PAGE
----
5 minimalist tips for decluttering toys

Don’t you think that we’ve gone a bit overboard in the last couple of years when it comes to our consumption? We work all week long, just to spend all that hard-earned money over the weekend on stuff we don’t even really need. And with this consumption, we give an example to our children as well. They get an inflatable pool, three different stacking ring toys, more stuffed animals than they can even fit in their room, a plastic train, a garage full of cars and everything that they desire. Within years the house is full of stuff for the little ones and still they hang on the couch, bored out of their minds and whining that they don’t have anything to play with. Of course you want to make sure that your kids have everything that they can possibly need, but be honest: do they really need or even really want all of those things? When it comes to children, less is often more. The more stuff they have, the less they actually play with it. It’s high time we declutter and minimize all of these toys. But how to go about this? And how do you keep your family from making those same choices again in the future? Today I will share 5 minimalist tips for decluttering toys, for now and the future.

#1 Minimize and Buy Less

baby toys

The very first step in decluttering toys is minimizing the toys that you already have. Take a good look at everything that your family gathered over the years. Anything that doesn’t suit your child’s interests anymore can go. Same goes for all those toys that they never even play with. And as far as I am concerned, you even get rid of all those toys that drive you mad. You know the things I am talking about. Those pianos that just won’t stop playing the same tune over and over again. Those puzzle books that they never finish, so you end up crawling under the couch every single night to gather all those pieces. Those toys that only seem to make the kids angry when the pieces won’t fit together. I got rid of most of these toys to save myself and my kids a lot of frustration. All those toys that you gathered and that are still in reasonably good shape can be donated to a school, day-care or hospital nearby. Or maybe you have friends or family with kids that would be very happy with it? Don’t just throw it out but put those toys to good use. After cleaning out all of those toys, you can take a good look at what is left. Maybe you’ll notice that there is something that would make a nice addition to it in the future for a birthday or holiday. Just keep that in mind and add it to the list, but stop buying random toys that they don’t actually need. The kids will probably be delighted after seeing what you did with their toys. They get to play with things they forgot they had and because they no longer have an overwhelming amount of toys, they actually appreciate and play with the stuff they do have.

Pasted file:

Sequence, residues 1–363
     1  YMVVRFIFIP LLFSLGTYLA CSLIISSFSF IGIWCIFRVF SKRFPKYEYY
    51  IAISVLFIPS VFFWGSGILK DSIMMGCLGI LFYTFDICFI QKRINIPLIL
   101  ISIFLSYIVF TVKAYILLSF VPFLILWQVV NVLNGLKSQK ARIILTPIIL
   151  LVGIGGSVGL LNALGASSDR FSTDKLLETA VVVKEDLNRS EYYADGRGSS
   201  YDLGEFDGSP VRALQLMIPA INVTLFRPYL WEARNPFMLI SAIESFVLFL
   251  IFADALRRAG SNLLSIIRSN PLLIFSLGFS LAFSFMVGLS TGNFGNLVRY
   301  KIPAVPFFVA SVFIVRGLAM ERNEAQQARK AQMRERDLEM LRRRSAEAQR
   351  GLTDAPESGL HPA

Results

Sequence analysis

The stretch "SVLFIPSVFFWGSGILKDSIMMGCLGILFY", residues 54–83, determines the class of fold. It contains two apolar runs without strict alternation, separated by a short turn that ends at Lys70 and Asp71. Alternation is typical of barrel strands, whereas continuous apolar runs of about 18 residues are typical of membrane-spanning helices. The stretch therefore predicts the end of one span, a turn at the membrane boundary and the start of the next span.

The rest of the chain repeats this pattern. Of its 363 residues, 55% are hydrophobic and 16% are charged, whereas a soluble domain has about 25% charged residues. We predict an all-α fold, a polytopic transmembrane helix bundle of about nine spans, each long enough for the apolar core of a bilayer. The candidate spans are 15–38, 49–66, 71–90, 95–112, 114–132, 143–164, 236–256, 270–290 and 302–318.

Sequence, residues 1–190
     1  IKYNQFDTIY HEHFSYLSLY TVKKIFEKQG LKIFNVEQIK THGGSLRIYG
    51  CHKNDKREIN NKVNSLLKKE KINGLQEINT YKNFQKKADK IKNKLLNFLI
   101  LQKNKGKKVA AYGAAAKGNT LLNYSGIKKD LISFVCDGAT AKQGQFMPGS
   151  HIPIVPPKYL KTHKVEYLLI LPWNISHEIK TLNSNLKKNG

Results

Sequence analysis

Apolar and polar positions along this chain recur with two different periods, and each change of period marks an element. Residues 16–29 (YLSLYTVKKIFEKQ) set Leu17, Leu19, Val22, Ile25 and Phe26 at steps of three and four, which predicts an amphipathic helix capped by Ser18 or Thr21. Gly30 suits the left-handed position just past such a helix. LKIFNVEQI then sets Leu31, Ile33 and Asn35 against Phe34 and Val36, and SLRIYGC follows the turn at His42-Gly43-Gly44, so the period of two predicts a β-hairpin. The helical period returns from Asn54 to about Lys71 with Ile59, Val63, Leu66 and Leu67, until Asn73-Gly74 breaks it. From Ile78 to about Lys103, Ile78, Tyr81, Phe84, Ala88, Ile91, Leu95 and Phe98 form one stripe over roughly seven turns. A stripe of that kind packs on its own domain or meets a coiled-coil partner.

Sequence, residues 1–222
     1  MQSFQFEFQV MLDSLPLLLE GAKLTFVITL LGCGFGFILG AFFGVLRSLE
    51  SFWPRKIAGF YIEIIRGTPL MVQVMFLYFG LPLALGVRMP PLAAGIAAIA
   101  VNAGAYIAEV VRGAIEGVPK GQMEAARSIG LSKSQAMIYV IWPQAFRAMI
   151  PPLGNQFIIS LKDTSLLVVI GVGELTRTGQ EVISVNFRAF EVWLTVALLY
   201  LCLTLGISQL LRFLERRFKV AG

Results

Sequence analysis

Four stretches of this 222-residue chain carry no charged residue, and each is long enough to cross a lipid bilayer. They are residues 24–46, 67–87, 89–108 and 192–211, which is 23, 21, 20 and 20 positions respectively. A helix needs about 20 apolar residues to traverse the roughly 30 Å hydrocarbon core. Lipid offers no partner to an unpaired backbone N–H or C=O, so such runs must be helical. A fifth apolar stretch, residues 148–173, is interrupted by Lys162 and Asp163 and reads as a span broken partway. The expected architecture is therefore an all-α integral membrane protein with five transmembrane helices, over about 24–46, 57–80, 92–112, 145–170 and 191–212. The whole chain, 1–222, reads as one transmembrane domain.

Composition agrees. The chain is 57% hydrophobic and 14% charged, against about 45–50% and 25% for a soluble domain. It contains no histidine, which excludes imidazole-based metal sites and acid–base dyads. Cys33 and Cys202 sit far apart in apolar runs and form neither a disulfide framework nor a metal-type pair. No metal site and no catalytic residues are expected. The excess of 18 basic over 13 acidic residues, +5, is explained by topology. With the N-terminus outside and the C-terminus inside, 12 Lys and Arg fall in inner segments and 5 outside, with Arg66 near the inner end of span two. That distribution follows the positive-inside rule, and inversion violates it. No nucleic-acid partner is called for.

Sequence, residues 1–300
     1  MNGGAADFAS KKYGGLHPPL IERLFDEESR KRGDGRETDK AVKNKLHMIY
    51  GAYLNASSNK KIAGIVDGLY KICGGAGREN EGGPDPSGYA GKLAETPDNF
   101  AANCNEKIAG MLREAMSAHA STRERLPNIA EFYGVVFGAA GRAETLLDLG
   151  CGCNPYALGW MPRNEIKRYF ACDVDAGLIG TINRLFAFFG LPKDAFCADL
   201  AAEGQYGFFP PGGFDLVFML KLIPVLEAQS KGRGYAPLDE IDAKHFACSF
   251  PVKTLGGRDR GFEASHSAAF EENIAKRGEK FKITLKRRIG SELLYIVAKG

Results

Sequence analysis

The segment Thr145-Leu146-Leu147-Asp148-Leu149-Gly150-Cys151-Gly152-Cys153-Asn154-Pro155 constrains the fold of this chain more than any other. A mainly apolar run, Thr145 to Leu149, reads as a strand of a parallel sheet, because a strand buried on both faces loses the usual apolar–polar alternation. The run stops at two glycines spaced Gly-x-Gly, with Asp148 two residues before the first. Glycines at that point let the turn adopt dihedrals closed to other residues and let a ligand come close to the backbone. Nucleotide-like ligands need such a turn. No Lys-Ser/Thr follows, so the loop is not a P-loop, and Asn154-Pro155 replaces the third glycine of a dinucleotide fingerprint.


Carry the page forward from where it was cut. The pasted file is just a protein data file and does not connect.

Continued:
#2 Buy Second-Hand